31 Cities of Design adopt general principles for endorsing and disseminating calls for participation in design competitions or awards within the UCCN

August 7, 2018

At the XII UNESCO Creative Cities Network (UCCN) Annual Meeting, held in Poland from June 12 to 15, 2018, the Design members of the network agreed on a set of general principles for endorsing and disseminating calls for participation.

With opportunities so abundant, a great many calls for applications (prizes and awards), ideas competitions, project competitions (including turnkey production), calls for papers (conventions, seminars), and international calls for participation (exhibitions, trade fairs) are sent out year-round by the approximately 180 UCCN member cities, inviting other members to share the information within their communities and urge participation by them.

The UNESCO Cities of Design have a duty to act in an exemplary manner, both in how they invite design professionals to compete and with respect to the conditions of participation they offer. What such invitations have in common is that they all involve designers competing with each other and a process for evaluating the submissions. Creative professionals must invest time, resources and talent in responding to the invitations. To ensure that such initiatives are conducted successfully and ethically, certain principles must be adhered to.

At the initiative of the Ville de Montréal’s Bureau du design, the 31 UNESCO Cities of Design reached agreement on a set of shared regulations, drawing inspiration from best practices established by international professional organizations, including the World Design Organization (WDO), the International Council of Design (Ico-D), the International Federation of Landscape Architects (IFLA) and the International Union of Architects (IUA), the regulations hinge on the following four major principles:


  • The selection process is stated.
  • The jury composition is known ahead of time (unless prohibited by the regulations in force in the country).
  • The majority of the jury is made up of experts in the field being evaluated (i.e., design, architecture).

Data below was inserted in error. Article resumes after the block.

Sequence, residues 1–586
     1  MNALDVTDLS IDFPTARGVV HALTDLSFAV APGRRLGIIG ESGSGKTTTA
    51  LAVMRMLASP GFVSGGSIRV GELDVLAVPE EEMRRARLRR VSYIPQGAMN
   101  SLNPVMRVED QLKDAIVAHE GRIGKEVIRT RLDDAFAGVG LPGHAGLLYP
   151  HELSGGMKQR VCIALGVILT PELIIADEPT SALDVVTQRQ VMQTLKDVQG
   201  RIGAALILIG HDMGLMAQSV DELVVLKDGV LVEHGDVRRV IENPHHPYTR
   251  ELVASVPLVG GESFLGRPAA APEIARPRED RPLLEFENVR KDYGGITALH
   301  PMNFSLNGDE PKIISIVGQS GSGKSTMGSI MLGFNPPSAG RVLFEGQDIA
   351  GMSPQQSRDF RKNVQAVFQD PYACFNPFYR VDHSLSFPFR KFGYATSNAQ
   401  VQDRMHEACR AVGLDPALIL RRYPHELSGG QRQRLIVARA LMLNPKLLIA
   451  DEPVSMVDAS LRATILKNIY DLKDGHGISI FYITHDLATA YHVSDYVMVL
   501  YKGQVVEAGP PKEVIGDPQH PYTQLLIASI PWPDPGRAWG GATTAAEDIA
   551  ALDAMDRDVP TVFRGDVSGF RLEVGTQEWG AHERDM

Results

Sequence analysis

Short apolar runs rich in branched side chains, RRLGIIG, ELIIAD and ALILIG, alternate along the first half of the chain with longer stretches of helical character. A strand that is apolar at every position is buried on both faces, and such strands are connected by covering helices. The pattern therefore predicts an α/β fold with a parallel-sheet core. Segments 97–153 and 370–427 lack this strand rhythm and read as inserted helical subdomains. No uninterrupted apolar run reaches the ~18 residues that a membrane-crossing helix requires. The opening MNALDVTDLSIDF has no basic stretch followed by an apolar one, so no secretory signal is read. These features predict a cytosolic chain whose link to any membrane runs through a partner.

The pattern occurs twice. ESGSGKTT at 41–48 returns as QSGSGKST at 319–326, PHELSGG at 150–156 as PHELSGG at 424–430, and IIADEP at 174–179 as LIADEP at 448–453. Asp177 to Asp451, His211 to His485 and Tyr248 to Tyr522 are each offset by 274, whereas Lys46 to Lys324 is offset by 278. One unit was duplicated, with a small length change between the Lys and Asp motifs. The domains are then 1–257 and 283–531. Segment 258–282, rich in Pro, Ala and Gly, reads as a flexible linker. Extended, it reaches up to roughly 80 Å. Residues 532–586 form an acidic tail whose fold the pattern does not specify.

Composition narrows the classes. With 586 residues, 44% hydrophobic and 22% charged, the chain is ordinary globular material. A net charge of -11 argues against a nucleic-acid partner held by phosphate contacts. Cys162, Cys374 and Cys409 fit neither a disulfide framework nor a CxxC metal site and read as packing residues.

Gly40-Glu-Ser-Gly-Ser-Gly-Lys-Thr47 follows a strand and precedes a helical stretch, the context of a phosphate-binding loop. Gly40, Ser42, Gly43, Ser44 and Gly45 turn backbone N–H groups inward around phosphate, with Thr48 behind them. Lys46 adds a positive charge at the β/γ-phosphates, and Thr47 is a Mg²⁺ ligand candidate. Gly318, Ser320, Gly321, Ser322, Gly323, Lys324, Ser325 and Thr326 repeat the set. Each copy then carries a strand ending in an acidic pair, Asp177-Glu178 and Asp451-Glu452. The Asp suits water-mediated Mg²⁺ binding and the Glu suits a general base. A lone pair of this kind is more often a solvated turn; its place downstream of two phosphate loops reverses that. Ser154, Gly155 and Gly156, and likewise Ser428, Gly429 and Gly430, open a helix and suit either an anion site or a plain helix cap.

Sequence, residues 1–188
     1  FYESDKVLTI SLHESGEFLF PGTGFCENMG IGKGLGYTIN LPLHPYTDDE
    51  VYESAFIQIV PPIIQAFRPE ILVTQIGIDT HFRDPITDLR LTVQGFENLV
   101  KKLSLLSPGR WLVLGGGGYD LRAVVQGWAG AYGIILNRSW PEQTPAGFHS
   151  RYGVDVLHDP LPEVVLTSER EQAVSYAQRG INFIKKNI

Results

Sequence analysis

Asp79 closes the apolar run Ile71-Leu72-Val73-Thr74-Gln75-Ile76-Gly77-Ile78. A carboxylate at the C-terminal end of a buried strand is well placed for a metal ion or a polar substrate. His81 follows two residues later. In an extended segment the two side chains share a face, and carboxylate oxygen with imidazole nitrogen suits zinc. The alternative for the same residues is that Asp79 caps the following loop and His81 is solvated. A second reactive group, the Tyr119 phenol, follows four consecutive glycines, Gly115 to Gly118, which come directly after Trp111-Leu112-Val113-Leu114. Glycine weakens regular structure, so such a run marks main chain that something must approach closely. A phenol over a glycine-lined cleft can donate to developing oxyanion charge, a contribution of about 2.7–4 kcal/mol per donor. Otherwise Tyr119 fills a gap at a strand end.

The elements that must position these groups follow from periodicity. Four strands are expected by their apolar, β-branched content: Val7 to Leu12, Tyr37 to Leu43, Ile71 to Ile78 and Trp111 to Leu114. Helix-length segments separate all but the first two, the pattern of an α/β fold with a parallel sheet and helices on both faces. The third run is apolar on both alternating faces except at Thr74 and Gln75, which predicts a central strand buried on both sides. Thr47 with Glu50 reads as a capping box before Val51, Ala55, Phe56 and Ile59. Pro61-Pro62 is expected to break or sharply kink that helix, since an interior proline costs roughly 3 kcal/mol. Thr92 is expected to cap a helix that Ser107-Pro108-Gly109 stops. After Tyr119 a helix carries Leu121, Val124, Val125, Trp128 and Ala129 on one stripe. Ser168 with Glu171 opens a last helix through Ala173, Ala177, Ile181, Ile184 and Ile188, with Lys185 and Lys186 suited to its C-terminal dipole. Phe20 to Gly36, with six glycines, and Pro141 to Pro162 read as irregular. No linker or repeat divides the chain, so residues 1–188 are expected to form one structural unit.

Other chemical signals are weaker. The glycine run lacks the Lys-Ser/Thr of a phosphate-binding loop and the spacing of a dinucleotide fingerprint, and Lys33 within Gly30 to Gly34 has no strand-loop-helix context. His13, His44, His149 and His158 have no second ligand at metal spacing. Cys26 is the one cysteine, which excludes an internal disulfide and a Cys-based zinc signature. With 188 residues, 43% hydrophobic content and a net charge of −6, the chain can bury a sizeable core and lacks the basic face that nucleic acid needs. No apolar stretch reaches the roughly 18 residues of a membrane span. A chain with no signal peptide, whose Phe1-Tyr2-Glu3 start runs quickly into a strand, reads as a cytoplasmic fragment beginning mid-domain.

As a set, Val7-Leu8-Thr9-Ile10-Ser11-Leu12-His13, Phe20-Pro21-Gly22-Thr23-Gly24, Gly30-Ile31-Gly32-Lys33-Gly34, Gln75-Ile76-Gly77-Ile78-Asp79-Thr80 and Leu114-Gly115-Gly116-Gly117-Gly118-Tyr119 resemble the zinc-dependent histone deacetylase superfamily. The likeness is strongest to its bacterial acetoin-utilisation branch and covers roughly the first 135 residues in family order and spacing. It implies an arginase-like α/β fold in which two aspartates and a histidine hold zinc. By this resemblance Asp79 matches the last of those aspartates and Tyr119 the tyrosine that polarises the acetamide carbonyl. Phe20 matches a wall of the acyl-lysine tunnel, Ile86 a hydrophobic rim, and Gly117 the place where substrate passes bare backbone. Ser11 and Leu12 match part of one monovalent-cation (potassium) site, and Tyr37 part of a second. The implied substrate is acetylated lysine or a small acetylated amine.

• A jury report is published after the results have been announced.

In the specific case of project competitions:

  • The brief is the same for all competitors.


  • The call is published on designcities.net – i.e., accessible by all.
  • The publication date is the same throughout the network.
  • The conditions are the same for all competitors.
  • The timetable is appropriate (i.e., enough time to prepare a submission).
  • There are separate categories for professionals, students, and the general public and/or they are judged separately.
  • The organizers of the competition/award must provide an English translation of the call.


  • The work produced as part of the call is recognized, copyrights are respected according to existing legislation (in the territory where the call is launched), and authors are named in communications.
  • Remuneration (payment, prize, bonus, or promotion) is fair and measures up to the work expected of competitors.

In the specific case of project competitions:

  • The winning team is awarded the mandate of carrying out the project.
  • The working conditions (remuneration, deadlines) meet with existing industry standards (in the territory where the call is launched).


  • Participation incentives are presented clearly.

In the specific case of project competitions:

  • The program (deliverables, design brief, scope statement) is well defined.
  • The participation rules are stated in a document that all competitors have access to (competition rules).

Mission program supported by the Bureau du design

Reminder : to promote participation by design practitioners in international calls for participation issued within the UCCN, the Bureau du design invites professionals listed in the Montréal designers directory to propose a mission program. Designers whose proposals are chosen by the selection committee will be entrusted with a representation mandate and awarded a contract for professional fees of up to $5,000 per firm. 

In addition, Montréal designers are urged to regularly consult the News feed at designcities.net, the subnetwork communication platform of the 31 Cities of Design, where invitations drawn up in compliance with these general principles are posted.



The competition is a design process through which several tangible proposals are compared to arrive at an informed selection.

  • Ideas competitions are used to gather input for a project owner’s thought process on often complex problems. They are aimed at encouraging competition among designers without resulting in the production of the winning concept(s).
  •  Project competitions are used to select a concept and professionals to carry out a project with well-known parameters and a well-defined program. The object is to have the winning team carry out the project they developed.


An award is a prize attributed to a production that stands out among the competitors or to a person in recognition for the excellence of their application (e.g., career, education).

Competition Rules

A competition document, including its appendices, that describes the subject of the competition, its objectives, stakeholders, and procedures, as well as the conditions under which submissions, proposals, team addition files, and presentations are prepared, presented, evaluated, and used.

Competition Program

A document, complementary to the Competition Rules, which provides first-stage competitors with the information, guidelines, and summary instructions they need to create a comprehensive submission or proposal that complies with the requirements of the Competition Rules